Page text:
The 2006 Dom Pérignon Rosé is every bit as captivating as it was last year, maybe even more so. At times powerful, but in other moments finessed, the 2006 constantly changes in the glass, revealing a different shade of its personality with every taste.
Perhaps most importantly, the 2006 seems to have gained a level of precision and pure sophistication it did not show last year, when it was quite a bit less put together. Back then, the 2006 was a wine of tremendous potential; today that potential is starting to be realized. Quite simply, the 2006 Dom Pérignon Rosé is a magical Champagne. Don’t miss it.
Drink 2020 - 2046
Antonio Galloni, Vinous.com (July 2019)
The 2006 Dom Pérignon Rosé continues to show very well, unfurling in the glass with aromas of bitter orange, dried white flowers, red berries, toast and woodsmoke. On the palate, it's full-bodied, broad and muscular, with all the phenolic structure and depth that one would expect from a rosé that contains more than 20% still red wine, concluding with a sapid and chalky finish. As I wrote earlier this year, this is a vinous, gastronomic rosé that numbers among the decided successes of the 2006 vintage.
Drink 2020 - 2040
William Kelley, Wine Advocate (April 2020)
Pale to mid salmon. A definite orange hue. Broad and rose-scented. Really quite extensive on the palate. Very nicely balanced. Lots of fruit and much softer than the 2008 and 2002 Blanc.
Jancis Robinson MW, JancisRobinson.com (June 2019)
Loads of complexity on offer here, from brioche to dried peaches to strawberries and cream and on to rhubarb fool, pomegranate pastries and bread crumbs. The mousse is wonderfully integrated to the edgy peaches and notes that feather the finest line between oxidation and reduction. Very layered and linear, this is an incredibly long and mind-bending Champagne.
James Suckling, JamesSuckling.com (July 2019)
About this WINE
Dom Pérignon was the 17th century Benedictine monk who has gone down in history as the person who "invented" Champagne. His name was originally registered by Eugène Mercier. He sold the brand name to Moët & Chandon, which used it as the name for its prestige cuvée, which was first released in 1937.
A rigorous selection process in both the vineyard and winery ensures that only the best grapes go into Dom Pérignon champagne. Chardonnay and Pinot Noir are used in roughly equal proportions without one variety dominating the other.
In its youth, Dom Pérignon shows incredibly smooth, creamy fruit with perfect balance and weight. As it ages, it takes on wonderfully toasty aromas and a finesse equalled by very few of the other Grandes Marques.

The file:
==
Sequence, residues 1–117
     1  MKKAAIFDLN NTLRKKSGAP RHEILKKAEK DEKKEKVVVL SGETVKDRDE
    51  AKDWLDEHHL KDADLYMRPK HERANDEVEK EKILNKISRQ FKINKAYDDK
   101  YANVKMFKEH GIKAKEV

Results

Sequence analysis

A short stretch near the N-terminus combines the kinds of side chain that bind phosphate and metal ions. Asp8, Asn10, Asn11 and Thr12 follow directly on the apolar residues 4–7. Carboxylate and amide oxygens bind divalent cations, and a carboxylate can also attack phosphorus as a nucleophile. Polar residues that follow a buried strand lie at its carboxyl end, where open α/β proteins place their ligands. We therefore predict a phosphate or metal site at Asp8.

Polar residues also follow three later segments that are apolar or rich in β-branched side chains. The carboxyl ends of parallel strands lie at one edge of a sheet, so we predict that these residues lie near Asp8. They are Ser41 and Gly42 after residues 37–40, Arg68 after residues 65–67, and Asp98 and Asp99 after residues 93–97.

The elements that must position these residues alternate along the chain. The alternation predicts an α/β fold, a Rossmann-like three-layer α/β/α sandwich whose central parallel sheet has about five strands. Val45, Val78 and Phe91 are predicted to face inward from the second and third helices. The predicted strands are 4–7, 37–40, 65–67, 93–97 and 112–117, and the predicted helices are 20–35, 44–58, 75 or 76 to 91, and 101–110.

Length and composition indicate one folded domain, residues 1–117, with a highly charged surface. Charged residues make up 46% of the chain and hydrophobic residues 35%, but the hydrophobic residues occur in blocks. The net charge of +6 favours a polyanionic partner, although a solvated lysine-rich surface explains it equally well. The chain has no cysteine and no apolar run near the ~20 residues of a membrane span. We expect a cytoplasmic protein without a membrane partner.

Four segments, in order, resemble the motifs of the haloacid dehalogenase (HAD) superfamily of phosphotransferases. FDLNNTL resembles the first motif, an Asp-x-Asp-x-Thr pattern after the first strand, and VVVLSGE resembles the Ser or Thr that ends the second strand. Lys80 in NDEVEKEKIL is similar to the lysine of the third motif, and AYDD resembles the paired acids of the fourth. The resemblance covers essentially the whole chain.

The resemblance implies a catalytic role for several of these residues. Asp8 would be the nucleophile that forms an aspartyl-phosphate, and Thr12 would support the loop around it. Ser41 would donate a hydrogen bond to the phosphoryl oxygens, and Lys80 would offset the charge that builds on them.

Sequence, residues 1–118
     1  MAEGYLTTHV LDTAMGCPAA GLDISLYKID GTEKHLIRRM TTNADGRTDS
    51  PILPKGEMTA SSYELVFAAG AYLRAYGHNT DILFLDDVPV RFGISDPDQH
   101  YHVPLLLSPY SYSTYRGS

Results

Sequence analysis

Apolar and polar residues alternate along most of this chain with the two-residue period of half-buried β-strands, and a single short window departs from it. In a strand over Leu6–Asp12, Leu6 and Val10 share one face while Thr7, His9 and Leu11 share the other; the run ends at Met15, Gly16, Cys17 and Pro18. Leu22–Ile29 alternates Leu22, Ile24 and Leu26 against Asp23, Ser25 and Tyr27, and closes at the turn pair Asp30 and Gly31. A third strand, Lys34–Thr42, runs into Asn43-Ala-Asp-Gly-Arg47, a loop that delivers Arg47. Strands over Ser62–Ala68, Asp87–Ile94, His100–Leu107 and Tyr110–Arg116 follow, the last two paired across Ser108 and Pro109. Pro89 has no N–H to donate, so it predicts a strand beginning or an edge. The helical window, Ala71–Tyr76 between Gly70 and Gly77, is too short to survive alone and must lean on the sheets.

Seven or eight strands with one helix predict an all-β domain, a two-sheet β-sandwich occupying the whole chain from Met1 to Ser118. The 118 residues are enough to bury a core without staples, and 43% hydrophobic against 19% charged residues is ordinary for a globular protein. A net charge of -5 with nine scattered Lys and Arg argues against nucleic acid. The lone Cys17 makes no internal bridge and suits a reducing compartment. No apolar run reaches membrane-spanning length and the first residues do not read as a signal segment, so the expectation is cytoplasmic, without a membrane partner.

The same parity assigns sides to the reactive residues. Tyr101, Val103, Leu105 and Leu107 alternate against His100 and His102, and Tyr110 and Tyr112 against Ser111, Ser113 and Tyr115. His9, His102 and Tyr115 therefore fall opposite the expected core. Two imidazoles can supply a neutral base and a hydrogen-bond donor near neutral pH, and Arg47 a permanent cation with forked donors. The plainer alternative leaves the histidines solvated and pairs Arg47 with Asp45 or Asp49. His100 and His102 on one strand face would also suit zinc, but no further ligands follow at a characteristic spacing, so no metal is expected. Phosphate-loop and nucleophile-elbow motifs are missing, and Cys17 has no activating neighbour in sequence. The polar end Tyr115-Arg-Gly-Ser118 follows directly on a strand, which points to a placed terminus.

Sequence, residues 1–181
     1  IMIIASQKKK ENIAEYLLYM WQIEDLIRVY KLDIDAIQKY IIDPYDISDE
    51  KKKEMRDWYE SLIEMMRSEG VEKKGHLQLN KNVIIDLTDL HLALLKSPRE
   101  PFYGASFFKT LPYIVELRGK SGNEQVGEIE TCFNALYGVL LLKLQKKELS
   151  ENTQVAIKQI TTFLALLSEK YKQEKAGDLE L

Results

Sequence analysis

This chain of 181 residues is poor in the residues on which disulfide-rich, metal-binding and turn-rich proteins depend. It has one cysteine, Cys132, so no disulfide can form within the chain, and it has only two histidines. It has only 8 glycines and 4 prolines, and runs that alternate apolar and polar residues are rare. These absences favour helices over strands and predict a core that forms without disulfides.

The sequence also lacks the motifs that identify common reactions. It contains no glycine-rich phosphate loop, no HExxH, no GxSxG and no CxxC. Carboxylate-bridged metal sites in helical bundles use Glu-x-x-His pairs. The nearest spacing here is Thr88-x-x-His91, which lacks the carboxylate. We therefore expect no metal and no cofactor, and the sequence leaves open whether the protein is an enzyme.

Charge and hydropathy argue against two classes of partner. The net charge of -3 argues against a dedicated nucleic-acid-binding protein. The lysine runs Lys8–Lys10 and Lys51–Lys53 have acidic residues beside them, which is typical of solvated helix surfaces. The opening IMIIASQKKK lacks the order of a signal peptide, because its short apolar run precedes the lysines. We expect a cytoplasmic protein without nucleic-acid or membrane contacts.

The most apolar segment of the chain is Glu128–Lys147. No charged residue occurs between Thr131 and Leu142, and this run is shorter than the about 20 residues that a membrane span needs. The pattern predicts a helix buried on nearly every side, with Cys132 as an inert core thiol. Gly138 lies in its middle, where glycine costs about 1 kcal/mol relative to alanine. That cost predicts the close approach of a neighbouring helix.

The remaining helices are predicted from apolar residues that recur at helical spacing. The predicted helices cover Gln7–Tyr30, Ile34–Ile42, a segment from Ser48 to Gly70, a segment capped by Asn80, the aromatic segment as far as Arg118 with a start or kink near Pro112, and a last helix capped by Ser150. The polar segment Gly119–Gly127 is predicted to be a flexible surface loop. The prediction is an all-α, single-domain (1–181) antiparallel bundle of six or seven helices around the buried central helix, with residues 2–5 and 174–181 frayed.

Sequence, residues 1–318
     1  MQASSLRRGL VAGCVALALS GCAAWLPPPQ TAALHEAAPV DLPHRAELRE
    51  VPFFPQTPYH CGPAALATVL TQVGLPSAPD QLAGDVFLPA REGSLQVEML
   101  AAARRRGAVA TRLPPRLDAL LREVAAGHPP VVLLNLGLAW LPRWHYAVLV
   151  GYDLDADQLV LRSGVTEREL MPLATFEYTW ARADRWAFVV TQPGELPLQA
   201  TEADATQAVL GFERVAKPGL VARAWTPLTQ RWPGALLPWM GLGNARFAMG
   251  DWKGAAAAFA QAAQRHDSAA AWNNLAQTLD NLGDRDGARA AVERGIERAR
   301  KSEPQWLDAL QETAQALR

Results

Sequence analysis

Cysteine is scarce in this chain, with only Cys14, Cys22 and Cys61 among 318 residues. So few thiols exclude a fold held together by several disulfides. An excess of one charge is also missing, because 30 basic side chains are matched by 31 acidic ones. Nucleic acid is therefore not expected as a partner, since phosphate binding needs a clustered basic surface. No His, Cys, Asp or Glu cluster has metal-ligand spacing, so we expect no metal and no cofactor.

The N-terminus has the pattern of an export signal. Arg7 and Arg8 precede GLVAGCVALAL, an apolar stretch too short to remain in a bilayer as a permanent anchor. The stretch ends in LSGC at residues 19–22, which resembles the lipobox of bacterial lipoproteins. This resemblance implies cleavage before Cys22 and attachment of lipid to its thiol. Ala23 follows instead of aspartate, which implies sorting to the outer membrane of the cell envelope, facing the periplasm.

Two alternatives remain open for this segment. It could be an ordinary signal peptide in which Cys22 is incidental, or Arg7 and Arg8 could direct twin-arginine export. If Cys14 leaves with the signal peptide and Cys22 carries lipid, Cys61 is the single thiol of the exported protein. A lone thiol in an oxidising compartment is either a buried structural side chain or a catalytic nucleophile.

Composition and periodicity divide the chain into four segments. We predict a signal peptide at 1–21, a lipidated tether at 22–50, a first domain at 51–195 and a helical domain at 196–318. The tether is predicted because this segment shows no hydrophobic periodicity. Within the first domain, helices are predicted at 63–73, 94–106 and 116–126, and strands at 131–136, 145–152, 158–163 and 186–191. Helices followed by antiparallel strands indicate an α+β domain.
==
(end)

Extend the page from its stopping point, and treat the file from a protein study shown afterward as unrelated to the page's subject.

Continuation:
Since 2014 Dom Pérignon has no longer been using the term oenothèque for its late-release Champagnes, but the word Plenitude. This style represents Dom Pérignon champagne that is left in contact with its lees and does not evolve in a linear fashion, but ages in a series of stages, producing “windows of opportunity, or plenitudes” when the Champagne can be disgorged and released to bring consumers a different expression of the same vintage.
There are three plenitudes in the life of a given vintage: the first plenitude spans between seven to eight years after the vintage, which is when Dom Pérignon Vintage is released, while the second one arrives between 12 and 15 years – which was previously the first oenothèque release, but from now will be branded as P2. The third window comes after around 30 years, when the Champagne has spent more than 20 years on its lees, which will now be termed as P3.
Rosé wines are produced by leaving the juice of red grapes to macerate on their skins for a brief time to extract pigments (natural colourings). However, Rosé Champagne is notable in that it is produced by the addition of a small percentage of red wine – usually Pinot Noir from the village of Bouzy – during blending.
Which grapes are included in the blend, and their proportion, is one of the key factors determining the style of most Champagnes. Three grapes are used - Pinot Noir, Chardonnay and Pinot Meunier.
26% of vineyards in Champagne are planted with Chardonnay and it performs best on the Côtes des Blancs and on the chalk slopes south of Epernay. It is relatively simple to grow, although it buds early and thus is susceptible to spring frosts. It produces lighter, fresher wines than those from Burgundy and gives finesse, fruit and elegance to the final blend. It is the sole grape in Blancs de Blancs, which are some of the richest long-lived Champagnes produced.
Pinot Noir accounts for nearly 40% of the plantings in Champagne and lies at the heart of most blends - it gives Champagne its body, structure, strength and grip. It is planted across Champagne and particularly so in the southern Aube district.
The final component is Pinot Meunier and this constitutes nearly 35% of the plantings. Its durability and resistance to spring frosts make the Marne Valley, a notorious frost pocket, its natural home. It ripens well in poor years and produces a soft, fruity style of wine that is ideal for blending with the more assertive flavours of Pinot Noir. Producers allege that Pinot Meunier lacks ageing potential, but this does not deter Krug from including around 15% of it in their final blends.